Assembling the Cake Pops
Once you have your cake and frosting, you’re ready to begin the cake pop creativity. Crumble the cake into very fine pieces with your hands into a large wide shallow pan. Rake your fingers through to find any large pieces left and crumble them up as well. Show the kids how to do this and then let them finish the job.

Add the suggested amount of frosting. Scrunch the frosting in with your hands until the mixture is evenly distributed and holds together easily when you press it together. If the mixture is too dry, it will not hold together properly and crumble; if it is too wet, then the balls will not be able to hold their shape.

Shaping the Pops
Once you have the mixture at the correct consistency, it’s time to shape the cake balls. There are two different methods: hand rolling and pressing the mixture into small cookie or fondant cutters. Before beginning either method, line a tray with parchment paper to hold the shaped cake balls.

To hand-roll the mixture, measure out 4 teaspoons , which should make a round of around 1 1/2 inch diameter. Scrunch the mixture together lightly in your hand and then roll it between your palms to make the ball as smooth as you can. The rolled ball should be firmly packed so it will hold its shape. Using light pressure when rolling will be sufficient; you will not need to press your hands together very hard.

The ball is a good starting point for making other shapes. If you need an oval, just manipulate the shape by rolling your palms back and forth a little. A teardrop shape can be made by pinching one end and lightly flattening the sides. Once the cake ball is shaped the way you want it, place it on the tray lined with parchment paper.

To make the cake ball shapes using the pressing method, place the shaped cutter on the tray lined with parchment paper and press about 2 tablespoons of mixture into the shape. Turn the cutter over to see if the underneath is smooth, with no holes or gaps. If there are holes, turn the shape over again and press the mixture down firmer.

Once you are happy that the underneath is smooth, use your thumb and lightly press out the mixture onto the parchment lined tray, being careful not to break the shape. Once you have released the mixture, turn it over so the smooth side is on top and then gently press down on the shaped cookie mixture. This should help to flatten the other side.

When all of the mixture is shaped to your satisfaction, pop the tray into the refrigerator and chill for around an hour.

Dipping in Candy and Attaching Lollipop Sticks

Once you’ve made the cake balls, it’s time to dip them in candy coating and attach the lollipop stick.

Melting Tips

Melt your candy coating in the microwave on medium low at short bursts of 60 to 90 seconds. This might seem like a lot of work, but the coating can be very delicate and overheating will ruin a whole batch. If you prefer, you can use a double boiler on the stove top, but that involves a lot of extra cleaning up and is not so safe for the kiddies. If using the stove top, always use a double boiler; never use a saucepan directly on the heat.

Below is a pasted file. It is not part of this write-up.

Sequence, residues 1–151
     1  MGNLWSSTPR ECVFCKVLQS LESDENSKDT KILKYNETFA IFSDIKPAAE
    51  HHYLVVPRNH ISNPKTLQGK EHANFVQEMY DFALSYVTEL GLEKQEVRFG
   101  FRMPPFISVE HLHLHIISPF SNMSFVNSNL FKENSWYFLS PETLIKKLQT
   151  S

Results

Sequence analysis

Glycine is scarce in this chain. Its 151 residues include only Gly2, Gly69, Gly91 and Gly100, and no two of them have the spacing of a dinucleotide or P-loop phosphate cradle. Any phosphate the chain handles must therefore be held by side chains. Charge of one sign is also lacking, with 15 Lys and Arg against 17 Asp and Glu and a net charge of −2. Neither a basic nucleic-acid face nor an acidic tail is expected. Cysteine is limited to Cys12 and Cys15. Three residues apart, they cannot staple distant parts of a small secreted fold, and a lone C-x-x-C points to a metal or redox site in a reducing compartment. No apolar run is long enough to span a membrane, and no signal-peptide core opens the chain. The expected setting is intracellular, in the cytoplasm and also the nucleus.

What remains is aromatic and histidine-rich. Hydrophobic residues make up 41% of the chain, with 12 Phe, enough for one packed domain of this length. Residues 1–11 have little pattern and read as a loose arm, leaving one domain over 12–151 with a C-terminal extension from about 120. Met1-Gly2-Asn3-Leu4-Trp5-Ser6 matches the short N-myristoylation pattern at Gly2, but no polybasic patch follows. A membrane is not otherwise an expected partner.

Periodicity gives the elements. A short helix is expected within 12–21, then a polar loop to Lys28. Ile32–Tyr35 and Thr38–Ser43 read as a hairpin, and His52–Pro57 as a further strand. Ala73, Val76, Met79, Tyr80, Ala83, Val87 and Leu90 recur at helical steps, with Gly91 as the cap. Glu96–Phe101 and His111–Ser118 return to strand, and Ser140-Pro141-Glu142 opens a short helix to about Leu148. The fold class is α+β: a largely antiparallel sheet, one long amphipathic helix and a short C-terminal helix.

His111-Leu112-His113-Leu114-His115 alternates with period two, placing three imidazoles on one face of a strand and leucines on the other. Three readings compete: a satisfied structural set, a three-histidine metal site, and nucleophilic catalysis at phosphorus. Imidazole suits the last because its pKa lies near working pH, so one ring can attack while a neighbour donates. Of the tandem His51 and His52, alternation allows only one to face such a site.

If you’re using a block of coating, cut or break it into small pieces before melting. Candy melts or buttons are good to go as they are. Use a clean, dry, microwave-safe dish for melting and a clean, dry, metal spoon for stirring. Wooden spoons may have a little moisture in them, and you really don’t want to get any water in with your candy coating. Water will seize the coating, making it unusable for dipping.

Candy Coating Consistency

One of the most important things about dipping pops and other sweets on a stick is the consistency of the melted candy coating. Most brands, when melted, will be just a little too thick for a really smooth finish. Add some paramount crystals or vegetable shortening (like Crisco) when you melt the candy coating. The amount required will vary depending on the brand of candy coating you use. Start off with around 1 ounce of crystals per 14 ounces of candy coating during the melting process and add more as required until the mixture is fluid enough for dipping.

Securing the Stick

Is there anything worse than dipping a treat and losing the whole thing in the bowl of melted candy coating? Well, maybe, but with this simple trick the chances of it happening will be minimal. Here’s the secret: Make sure you dip the end of the lollipop stick in a little melted candy coating before you insert it into the cake pops, marshmallows, cupcakes, or other treats. Then pop them into the refrigerator to set for 10 minutes before continuing with the coating. How easy is that? It’s like yummy glue.

Dipping and Getting a Smooth Finish

Okay, you have your coating at the right consistency, the sticks are secured….time to start dipping. Make sure your dipping bowl is deep enough for the candy coating to cover the whole pop. Dip the pop and then lift it out of the melted candy. Holding the pop over the bowl to catch drips, gently tap the stick against your hand or the side of the bowl to remove excess candy coating. Remove as much excess as possible before you put the pop into the Styrofoam block to set.

Cake Pop Storage

Once decorated and set, cake pops should be stored in an airtight container in the refrigerator for up to 3 days. Undecorated cake ball mixture can be frozen wrapped in plastic wrap and sealed in an airtight container for 4 weeks. When ready to use, completely defrost in the fridge still in the airtight container.